Cellular interactions in the germinal center: role of adhesion receptors and significance for the pathogenesis of AIDS and malignant lymphoma

G. Koopman, S. T. Pals

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The germinal center forms a specialized microenvironment that is thought to play a key role in the induction of antibody synthesis, affinity maturation of B cells, isotype switching, and memory B-cell formation. Moreover, the germinal center may also be involved in the maintenance of T-cell memory. In this paper we focus on the role of adhesion receptors in cellular interactions in the germinal center, and discuss evidence indicating that these molecules play an important role in regulating B-cell activation and differentiation. Furthermore, we discuss two important diseases involving the germinal center, i.e., HIV infection and malignant lymphoma. In HIV infection, destruction of the FDC network may explain the selective loss of memory cells observed in otherwise asymptomatic patients and is likely to represent a major pathway leading to AIDS. In follicular lymphoma, escape from physiological apoptosis in the germinal center by overexpression of Bcl-2 appears be a major pathogenetic pathway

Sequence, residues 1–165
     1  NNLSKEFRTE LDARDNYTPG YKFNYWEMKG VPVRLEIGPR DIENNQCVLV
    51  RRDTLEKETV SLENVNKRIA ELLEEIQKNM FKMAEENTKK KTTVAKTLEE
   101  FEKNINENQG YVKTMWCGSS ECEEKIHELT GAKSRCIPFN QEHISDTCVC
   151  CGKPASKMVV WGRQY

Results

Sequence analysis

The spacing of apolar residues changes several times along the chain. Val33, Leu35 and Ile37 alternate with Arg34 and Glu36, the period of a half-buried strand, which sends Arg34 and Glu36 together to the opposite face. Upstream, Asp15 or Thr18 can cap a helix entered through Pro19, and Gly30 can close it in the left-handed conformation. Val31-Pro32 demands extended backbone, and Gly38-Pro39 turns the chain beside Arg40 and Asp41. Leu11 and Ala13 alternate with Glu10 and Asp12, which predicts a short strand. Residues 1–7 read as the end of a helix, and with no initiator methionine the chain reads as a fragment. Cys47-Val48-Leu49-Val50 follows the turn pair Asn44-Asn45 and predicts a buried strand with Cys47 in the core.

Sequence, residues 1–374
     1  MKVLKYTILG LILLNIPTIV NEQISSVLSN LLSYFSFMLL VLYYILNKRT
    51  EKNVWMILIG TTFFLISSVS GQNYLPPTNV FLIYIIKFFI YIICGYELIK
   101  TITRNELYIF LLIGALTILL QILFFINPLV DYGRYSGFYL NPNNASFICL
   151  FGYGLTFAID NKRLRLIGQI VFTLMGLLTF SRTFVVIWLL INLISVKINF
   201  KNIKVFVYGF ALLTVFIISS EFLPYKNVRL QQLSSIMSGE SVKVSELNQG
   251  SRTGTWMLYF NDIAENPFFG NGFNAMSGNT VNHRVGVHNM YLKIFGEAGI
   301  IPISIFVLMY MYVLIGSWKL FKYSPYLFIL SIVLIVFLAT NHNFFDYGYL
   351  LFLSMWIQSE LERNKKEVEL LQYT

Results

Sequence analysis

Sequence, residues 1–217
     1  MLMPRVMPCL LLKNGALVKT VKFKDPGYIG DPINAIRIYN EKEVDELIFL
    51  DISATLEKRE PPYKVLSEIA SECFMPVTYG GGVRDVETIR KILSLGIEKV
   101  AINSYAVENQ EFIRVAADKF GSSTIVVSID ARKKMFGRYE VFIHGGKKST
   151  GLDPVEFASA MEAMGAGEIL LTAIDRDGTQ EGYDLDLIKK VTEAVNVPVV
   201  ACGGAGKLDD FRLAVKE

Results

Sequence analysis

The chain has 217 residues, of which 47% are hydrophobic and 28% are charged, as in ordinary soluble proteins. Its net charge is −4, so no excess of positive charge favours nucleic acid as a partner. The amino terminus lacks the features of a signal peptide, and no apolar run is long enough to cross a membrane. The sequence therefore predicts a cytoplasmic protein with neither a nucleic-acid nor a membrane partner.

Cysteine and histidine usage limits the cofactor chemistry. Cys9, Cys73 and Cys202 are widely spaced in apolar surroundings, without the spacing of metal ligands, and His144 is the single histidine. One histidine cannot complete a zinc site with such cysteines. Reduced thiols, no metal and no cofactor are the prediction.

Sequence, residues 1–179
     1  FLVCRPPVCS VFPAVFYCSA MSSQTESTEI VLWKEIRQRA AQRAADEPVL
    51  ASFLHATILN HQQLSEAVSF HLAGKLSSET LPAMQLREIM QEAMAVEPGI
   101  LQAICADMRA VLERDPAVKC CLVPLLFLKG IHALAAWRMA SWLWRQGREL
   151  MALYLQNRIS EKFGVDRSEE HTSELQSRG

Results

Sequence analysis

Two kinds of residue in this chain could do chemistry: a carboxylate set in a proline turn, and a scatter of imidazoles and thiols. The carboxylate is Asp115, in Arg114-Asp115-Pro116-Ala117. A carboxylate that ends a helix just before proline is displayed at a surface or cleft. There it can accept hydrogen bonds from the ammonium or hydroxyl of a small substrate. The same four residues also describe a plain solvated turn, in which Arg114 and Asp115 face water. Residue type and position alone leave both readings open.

Original languageEnglish
Pages (from-to)21-45
JournalImmunological Reviews
Publication statusPublished - 1992

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